At various points during each series of Downton Abbey, Carson the Butler and whichever footman was employed at that moment (Thomas, William or James) would be shown, with all due care, setting the table for a formal dinner.
There would only be a few glimpses of the process which, in reality, takes Highclere’s own team of Luis, Jorge and Matthew well over an hour to achieve for a dinner party of 14 guests. Wearing white gloves and using a keen eye, everything is carefully positioned and assessed for being sufficiently polished. This applies not just to the cutlery but to all the various silver decorative pieces that are used to set a formal table.
Of course, gold and silver have been valued for their value and rarity for eons which rode hand in hand with the need to preserve and prove that value. In the UK, the Goldsmiths Company is one of the twelve original livery companies of the City of London, receiving its first royal charter in 1327. Responsible for testing the quality of gold and silver goods, gold and silversmiths were required to bring their work to the Goldsmiths Hall for assaying and marking, hence the ‘Hallmark’. Beautifully elaborate and high quality items could be created for wealthy patrons and valuable skills passed from generation to generation, through a thriving apprenticeship system.
In the 18th century, well-to-do families commissioned canteens of family silver which was for use (rather than purely ornamental) and which also helped mark and establish their position in society. Ever practical, the wooden boxes could be locked and carried from their country seats to London for the “Season”.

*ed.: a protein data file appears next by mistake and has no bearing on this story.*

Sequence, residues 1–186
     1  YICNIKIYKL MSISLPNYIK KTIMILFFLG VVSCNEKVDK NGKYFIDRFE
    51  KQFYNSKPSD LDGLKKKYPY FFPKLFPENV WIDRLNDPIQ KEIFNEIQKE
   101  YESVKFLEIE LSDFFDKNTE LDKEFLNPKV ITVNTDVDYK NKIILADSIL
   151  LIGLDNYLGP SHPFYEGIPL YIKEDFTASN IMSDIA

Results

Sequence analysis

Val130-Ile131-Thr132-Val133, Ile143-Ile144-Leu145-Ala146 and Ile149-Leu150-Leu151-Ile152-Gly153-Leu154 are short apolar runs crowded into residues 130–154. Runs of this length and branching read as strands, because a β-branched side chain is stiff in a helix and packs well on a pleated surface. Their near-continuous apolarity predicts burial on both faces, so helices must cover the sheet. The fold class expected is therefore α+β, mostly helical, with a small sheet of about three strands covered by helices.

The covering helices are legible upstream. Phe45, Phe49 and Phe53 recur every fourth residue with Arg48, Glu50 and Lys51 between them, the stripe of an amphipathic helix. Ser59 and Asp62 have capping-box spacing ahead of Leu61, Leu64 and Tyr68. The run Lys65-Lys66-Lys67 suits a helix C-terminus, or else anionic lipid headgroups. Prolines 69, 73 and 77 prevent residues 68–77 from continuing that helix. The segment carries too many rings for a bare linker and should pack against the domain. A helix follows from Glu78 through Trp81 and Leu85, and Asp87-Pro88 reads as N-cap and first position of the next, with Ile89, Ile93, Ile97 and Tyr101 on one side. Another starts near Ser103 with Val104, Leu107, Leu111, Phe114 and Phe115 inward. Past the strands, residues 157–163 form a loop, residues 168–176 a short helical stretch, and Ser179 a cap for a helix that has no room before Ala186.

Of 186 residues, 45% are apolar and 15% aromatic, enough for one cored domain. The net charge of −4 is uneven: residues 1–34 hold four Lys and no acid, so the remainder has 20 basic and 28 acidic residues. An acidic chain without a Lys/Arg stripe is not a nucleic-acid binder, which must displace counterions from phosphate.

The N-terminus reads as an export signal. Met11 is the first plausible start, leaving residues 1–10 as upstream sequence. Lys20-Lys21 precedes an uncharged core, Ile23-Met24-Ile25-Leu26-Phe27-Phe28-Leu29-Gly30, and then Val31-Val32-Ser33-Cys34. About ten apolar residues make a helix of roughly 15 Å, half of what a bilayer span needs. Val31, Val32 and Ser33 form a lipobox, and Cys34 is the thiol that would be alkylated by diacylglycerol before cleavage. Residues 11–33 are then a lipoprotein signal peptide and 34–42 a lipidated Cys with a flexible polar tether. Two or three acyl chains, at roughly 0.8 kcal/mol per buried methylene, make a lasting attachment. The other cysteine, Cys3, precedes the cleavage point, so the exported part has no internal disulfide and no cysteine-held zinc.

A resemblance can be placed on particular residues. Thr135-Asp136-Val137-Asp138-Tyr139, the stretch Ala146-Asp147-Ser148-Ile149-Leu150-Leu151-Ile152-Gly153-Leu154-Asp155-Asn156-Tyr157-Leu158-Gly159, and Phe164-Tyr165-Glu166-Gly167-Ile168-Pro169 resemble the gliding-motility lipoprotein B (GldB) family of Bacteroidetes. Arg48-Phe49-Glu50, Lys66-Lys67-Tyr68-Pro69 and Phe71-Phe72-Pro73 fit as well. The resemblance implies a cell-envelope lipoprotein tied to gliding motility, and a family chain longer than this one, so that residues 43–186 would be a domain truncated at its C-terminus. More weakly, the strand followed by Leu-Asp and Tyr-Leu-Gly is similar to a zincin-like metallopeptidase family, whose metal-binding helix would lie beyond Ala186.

The industrial revolution with its rise in technology and production values enabled larger quantities of high quality merchandise to be available at more competitive prices to an emerging consumerist middle class. Silver was without doubt a status symbol. Thus Charles Dickens, in the novel “Our Mutual Friend”, described the Veneering family through their dining room and polished shiny silver: everything was shiny “bran new people, in a bran new house”, from their friends, to their footmen and of course the plate.
As described in books by Evelyn Waugh or those of P G Wodehouse to real life examples, nothing has symbolised the decline of aristocratic characters more than the sale of the family silver. Every large house when pressed, has found less need for silver canteens which take hours to polish and furthermore, cost money to insure. In modern parlance, “selling the family silver” as a quick economic solution has entered the lexicon as short hand for describing unwise asset stripping.
Highclere has also faced challenges and some 25 years ago my father-in-law took the difficult decision to sell some outstanding silver pieces to help finance much needed and major repairs (including stonework) to the Castle. In this case it helped reinforce capital assets and thus support future revenue.
Other pieces were nevertheless retained and we have now created a display room for them, not far from the Egyptian Exhibition. The Egyptians of course attributed a high value to silver as it was so rare. The silver room is a good way of sharing the history of collecting, as well some information about individual pieces and thanks to the silver, Highclere is still here – in this case it helped reinforce capital assets and thus support future revenue.